Two Nines

The Computer Corner

By Charles Miller

Sometimes people who live in San Miguel de Allende fail to appreciate how lucky they are to live in a community where they can have access to so much reliable and affordable modern technology. On those occasions when Internet connectivity is interrupted for a few minutes or hours, people are quick to forget that two decades ago in San Miguel two of the most commonly asked questions were “Could you get a dial tone yesterday?” or “How many hours was your electricity off?” Today, the electric and communications services in San Miguel have been modernized and are far better than 99 percent reliable. This is what we in IT call “two nines.”

Three nines (99.9 percent) is better than two but more expensive, and four nines even better. Among computer techs the holy grail of reliability is called “five nines” or 99.999 percent uptime.

In order to achieve 99.999 percent reliability a system cannot not have more than five minutes and 35 seconds of downtime in a calendar year; that is less than one second per day. As a practical matter, achieving this would require that there be a redundant system in place and that any and all connectivity problems would automatically switch your Internet connection to a backup system in a split second. That is the kind of redundancy large online vendors such as amazon.com use because they cannot afford to be offline for one second. To serve the home market, Internet providers have to deal with the fact that trees fall down across overhead lines, squirrels chew through wires, or when it rains, water can get into lines. These outages simply cannot be rectified in a matter of seconds, and so a realistic and achievable goal for most infrastructure systems is two nines.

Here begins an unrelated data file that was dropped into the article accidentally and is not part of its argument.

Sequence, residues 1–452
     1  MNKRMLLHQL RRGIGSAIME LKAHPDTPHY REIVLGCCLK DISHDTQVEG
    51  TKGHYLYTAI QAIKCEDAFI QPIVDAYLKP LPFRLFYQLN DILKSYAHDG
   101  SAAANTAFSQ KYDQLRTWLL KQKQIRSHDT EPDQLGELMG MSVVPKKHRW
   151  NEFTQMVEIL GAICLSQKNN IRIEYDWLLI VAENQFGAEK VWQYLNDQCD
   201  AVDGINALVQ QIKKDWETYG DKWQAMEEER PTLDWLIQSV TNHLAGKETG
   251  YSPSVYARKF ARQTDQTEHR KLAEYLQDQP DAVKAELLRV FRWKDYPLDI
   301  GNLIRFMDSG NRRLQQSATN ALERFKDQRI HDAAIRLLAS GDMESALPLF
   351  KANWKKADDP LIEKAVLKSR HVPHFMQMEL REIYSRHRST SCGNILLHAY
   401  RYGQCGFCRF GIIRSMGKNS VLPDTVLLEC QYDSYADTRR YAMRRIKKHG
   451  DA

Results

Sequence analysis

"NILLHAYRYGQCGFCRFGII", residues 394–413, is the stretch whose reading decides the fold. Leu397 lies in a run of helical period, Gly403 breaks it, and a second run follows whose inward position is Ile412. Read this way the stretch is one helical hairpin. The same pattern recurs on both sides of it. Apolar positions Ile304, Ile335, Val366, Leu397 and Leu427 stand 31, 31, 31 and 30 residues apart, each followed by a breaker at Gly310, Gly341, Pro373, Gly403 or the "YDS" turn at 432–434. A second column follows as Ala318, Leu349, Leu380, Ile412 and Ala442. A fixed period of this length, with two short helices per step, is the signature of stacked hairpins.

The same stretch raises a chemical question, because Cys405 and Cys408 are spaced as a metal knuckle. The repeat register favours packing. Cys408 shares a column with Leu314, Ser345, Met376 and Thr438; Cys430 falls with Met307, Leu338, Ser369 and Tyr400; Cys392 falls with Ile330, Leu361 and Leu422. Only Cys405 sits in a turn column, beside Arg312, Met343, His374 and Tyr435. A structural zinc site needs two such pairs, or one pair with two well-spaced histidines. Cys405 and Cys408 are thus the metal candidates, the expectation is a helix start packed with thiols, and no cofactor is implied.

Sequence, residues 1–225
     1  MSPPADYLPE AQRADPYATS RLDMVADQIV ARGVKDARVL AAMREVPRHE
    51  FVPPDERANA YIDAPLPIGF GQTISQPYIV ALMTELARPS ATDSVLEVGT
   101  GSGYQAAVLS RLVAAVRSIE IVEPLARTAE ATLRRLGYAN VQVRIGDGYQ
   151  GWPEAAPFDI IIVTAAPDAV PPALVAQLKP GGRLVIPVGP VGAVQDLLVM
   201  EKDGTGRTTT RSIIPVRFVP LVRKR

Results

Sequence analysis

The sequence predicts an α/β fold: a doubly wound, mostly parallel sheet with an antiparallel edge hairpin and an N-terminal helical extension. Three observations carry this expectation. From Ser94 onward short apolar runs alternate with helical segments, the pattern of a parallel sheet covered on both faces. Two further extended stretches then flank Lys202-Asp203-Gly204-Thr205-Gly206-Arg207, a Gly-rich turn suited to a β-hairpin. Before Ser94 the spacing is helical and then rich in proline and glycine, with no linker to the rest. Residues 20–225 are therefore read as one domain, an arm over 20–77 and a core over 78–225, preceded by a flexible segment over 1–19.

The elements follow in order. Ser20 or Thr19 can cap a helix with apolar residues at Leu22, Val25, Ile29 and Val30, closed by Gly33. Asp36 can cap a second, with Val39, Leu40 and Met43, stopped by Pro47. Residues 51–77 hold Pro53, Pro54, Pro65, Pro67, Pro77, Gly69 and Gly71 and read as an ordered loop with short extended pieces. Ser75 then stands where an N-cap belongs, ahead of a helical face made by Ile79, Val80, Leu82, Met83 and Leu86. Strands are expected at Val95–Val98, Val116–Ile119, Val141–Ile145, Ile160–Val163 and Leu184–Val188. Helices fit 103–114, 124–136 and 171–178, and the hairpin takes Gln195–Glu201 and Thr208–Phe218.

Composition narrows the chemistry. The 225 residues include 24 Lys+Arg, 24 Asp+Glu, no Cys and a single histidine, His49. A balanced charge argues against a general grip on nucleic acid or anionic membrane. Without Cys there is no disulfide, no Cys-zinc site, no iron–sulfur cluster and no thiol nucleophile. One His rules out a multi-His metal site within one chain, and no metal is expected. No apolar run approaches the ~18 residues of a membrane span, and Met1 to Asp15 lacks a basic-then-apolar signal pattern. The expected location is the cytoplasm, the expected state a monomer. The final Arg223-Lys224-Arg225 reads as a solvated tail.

Corporate bean counters can verify there is an unscientific, albeit fairly accurate, collation between cost and reliability: Every extra decimal of increased reliability equates more or less to an extra decimal of cost. As applied to the individual Internet user, what this means is that in your home if you are using a low-cost Internet service that is 99 percent reliable and paying 300 pesos a month for it, taking all the steps necessary to improve the reliability of your Internet service to three nines or 99.9 percent could cost you 3,000 pesos or more per month.

The fact is, the Internet connectivity and the electric utility in San Miguel are very reliable. I once measured my Internet uptime as 99.6 percent over one year, and judging by the number of times my digital clock says 12:00, 12:00, 12:00, I would estimate that CFE is achieving better than four nines or 99.99+ percent reliability.

Charles Miller is a freelance computer consultant, a frequent visitor to San Miguel since 1981 and now practically a full-time resident. He may be contacted at 044-415-101-8528 or email FAQ8 (at) SMAguru.com.

 

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